Graduation Year


Document Type




Degree Granting Department

Measurement and Evaluation

Major Professor

John Ferron, Ph.D.


Mode effect, Item bias, Computer-based tests, Eifferential item functioning/, Dichotomous scoring


When an exam is administered across dual platforms, such as paper-and-pencil and computer-based testing simultaneously, individual items may become more or less difficult in the computer version (CBT) as compared to the paper-and-pencil (P&P) version, possibly resulting in a shift in the overall difficulty of the test (Mazzeo & Harvey, 1988). Using 38,955 examinees' response data across five forms of the National Nurse Aide Assessment Program (NNAAP) administered in both the CBT and P&P mode, three methods of differential item functioning (DIF) detection were used to detect item DIF across platforms. The three methods were Mantel-Haenszel (MH), Logistic Regression (LR), and the 1-Parameter Logistic Model (1-PL). These methods were compared to determine if they detect DIF equally in all items on the NNAAP forms. Data were reported by agreement of methods, that is, an item flagged by multiple DIF methods. A kappa statistic was calculated to provide an index of agreement bet

ween paired methods of the LR, MH, and the 1-PL based on the inferential tests. Finally, in order to determine what, if any, impact these DIF items may have on the test as a whole, the test characteristic curves for each test form and examinee group were displayed. Results indicated that items behaved differently and the examinee's odds of answering an item correctly were influenced by the test mode administration for several items ranging from 23% of the items on Forms W and Z (MH) to 38% of the items on Form X (1-PL) with an average of 29%. The test characteristic curves for each test form were examined by examinee group and it was concluded that the impact of the DIF items on the test was not consequential. Each of the three methods detected items exhibiting DIF in each test form (ranging from 14 items to 23 items). The Kappa statistic demonstrated a strong degree of agreement between paired methods of analysis for each test form and each DIF method pairing (reporting good to excell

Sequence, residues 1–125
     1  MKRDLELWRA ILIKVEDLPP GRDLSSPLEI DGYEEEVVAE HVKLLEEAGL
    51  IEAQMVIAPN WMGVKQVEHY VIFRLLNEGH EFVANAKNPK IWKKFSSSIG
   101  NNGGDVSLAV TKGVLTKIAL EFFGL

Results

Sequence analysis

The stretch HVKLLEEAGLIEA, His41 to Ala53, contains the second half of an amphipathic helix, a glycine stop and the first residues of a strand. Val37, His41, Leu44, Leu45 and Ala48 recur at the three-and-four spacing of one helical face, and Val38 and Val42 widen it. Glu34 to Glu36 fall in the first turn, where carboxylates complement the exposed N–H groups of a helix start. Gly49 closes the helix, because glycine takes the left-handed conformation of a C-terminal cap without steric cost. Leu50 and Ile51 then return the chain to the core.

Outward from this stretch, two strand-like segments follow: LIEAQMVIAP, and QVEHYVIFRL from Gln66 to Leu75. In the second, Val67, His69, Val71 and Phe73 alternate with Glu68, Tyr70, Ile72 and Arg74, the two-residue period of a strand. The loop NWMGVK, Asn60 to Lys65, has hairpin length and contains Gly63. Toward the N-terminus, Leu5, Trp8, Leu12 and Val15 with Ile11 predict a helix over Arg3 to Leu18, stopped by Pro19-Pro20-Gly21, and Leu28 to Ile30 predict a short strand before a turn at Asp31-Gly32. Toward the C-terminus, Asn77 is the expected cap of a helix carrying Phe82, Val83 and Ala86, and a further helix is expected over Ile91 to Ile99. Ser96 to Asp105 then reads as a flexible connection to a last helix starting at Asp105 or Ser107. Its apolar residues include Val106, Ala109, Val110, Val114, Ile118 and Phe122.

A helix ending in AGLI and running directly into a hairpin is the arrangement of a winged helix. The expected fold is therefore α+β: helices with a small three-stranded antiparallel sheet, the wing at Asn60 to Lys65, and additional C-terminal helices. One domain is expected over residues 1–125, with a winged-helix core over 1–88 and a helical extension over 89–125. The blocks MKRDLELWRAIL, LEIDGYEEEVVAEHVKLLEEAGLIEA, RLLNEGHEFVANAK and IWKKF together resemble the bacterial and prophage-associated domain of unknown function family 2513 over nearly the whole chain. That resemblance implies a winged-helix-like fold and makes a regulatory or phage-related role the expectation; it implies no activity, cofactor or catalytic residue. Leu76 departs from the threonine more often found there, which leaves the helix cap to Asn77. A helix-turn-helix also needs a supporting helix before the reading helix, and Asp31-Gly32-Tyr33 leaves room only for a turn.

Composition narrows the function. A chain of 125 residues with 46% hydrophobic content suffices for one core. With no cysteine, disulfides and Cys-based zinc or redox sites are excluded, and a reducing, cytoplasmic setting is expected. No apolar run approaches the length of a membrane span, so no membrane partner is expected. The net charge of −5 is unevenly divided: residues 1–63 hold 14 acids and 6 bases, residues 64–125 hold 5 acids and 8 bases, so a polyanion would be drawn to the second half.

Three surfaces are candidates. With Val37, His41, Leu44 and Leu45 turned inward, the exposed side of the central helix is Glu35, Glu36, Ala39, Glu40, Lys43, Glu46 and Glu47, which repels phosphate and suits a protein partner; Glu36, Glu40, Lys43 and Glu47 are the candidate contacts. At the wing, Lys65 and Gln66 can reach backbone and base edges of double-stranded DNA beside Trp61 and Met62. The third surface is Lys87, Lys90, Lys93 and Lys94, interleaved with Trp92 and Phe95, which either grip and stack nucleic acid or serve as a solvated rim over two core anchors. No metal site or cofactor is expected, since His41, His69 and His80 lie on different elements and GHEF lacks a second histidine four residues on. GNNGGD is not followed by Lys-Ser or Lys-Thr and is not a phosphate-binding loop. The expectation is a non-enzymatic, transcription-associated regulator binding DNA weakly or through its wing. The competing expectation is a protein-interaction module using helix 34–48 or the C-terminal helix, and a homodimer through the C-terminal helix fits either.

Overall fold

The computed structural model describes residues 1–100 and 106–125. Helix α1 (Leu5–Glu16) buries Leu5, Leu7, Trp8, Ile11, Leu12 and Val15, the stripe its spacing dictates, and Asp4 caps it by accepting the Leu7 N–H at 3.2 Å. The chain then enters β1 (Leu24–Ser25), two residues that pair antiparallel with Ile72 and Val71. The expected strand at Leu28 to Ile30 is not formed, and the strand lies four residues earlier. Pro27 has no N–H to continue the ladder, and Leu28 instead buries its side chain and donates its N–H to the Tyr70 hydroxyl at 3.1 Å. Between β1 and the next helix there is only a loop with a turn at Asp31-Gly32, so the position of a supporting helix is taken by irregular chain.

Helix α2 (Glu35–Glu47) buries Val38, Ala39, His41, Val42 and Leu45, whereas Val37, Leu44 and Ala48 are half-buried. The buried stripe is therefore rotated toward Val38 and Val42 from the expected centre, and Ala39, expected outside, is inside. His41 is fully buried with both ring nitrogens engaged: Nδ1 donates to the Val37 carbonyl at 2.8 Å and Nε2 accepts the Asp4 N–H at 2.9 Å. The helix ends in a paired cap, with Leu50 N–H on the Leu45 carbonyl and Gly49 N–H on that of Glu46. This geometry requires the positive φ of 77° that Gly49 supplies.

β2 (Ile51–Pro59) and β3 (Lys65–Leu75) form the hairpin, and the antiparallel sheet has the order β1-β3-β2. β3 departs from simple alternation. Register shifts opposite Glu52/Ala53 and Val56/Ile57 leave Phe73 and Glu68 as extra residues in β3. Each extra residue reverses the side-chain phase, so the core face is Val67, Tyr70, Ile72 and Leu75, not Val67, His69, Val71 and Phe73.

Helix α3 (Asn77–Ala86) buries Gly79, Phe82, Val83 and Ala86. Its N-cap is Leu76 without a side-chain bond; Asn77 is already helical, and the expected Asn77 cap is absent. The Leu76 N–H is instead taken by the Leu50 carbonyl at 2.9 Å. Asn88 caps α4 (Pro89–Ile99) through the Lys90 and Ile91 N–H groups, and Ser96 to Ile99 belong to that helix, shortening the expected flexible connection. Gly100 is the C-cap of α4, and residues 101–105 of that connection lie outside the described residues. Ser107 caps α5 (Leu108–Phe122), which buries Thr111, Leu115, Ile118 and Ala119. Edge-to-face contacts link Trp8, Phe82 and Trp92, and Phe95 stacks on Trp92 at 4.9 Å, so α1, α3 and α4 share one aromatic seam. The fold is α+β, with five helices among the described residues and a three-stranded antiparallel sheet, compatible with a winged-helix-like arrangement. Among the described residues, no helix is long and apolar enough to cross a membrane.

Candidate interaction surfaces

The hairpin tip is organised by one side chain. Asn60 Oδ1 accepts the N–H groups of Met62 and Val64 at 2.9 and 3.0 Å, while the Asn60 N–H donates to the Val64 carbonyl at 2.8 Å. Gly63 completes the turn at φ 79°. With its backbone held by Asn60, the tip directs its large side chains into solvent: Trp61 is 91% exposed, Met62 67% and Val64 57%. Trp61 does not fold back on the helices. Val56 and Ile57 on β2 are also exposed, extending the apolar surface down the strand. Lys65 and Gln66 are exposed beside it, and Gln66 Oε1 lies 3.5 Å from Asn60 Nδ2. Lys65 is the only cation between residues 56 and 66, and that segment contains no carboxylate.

ent agreement in all pairings). Findings indicated that while items did exhibit DIF, there was no substantial impact at the test level.